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COMMITMENT| 15.12.2021

Begoña Ibarrola, “Young people need emotional education, because the uncertainties they have to deal with are increasing”

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BEGOÑA IBARROLABegoña Ibarrola is a psychologist, an author of books for children and young adults, and a specialist in emotional intelligence. She recently participated in a workshop sponsored by Fundación MAPFRE entitled The rights of children and involvement of parents in the digital context. During this event, she emphasized the importance of teaching kids about responsibility and the appropriate use of technologies. She also explained the need for dialogue with them, so that they can develop a realistic sense of self-esteem from a very early age. She says we need to help them find a balance between the fast-paced world of today and unhurried reflection, making friends from an early age and acquiring essential life skills such as resilience and empathy.

What hazards do children and teenagers now face in relation to new technologies, and how can parents encourage responsible use?

New technologies can be very attractive. However, when they are used in an inappropriate way – such as for excessive amounts of time – they can cause a dangerous level of social isolation. Young people may find it more gratifying to look for things, find information, or engage with others through the Internet, rather than through direct contact. I think this is a very serious problem, and so are some of the threats to privacy: some children and teenagers are unable to distinguish between the private sphere and public sphere. They may run the risk of posting something online that they will regret later, but others will still be able to share it or use it against them. There are also cases of cyberbullying, which is a form of indirect violence that can cause so much harm. There are kids who would never dare to physically attack someone in person, but if they can attack someone online, they won’t hesitate to do something harmful. Finally, I think there is also a problem with many young people having access to information that is inappropriate for their age group.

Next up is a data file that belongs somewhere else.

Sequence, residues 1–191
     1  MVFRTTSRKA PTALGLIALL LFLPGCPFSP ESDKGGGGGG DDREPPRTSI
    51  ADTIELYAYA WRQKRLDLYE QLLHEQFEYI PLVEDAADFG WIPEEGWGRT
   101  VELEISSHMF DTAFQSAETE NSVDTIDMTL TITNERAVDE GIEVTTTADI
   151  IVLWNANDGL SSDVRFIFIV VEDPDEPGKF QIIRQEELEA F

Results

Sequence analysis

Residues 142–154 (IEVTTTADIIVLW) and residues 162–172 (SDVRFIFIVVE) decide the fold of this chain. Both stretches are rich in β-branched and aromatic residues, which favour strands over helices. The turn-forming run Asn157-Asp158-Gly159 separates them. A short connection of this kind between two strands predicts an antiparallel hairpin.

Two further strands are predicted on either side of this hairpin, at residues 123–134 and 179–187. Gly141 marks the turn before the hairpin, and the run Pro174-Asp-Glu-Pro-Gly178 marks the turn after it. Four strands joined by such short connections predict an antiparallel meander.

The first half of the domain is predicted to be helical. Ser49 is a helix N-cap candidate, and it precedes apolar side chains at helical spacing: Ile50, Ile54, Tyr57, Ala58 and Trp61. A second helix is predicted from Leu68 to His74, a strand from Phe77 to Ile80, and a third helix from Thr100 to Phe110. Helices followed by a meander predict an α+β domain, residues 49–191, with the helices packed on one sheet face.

The only thing parents can do is encourage responsible use by educating their kids, not just by trying to prevent them from accessing certain types of content, but also by helping them develop emotional tools. However, just like any other skill, responsibility is developed by putting it into practice, and this must be done based upon each child’s age and maturity level. This requires spending time with them, talking to them a lot, and being very directly involved. It is clear that a child or teenager who is responsible will also use technology in a responsible way.  

Which do you think is more effective: a focus on education and sharing of responsible practices – based on parental involvement – or monitoring and controlling their profiles and usage times?  Or a combination of the two?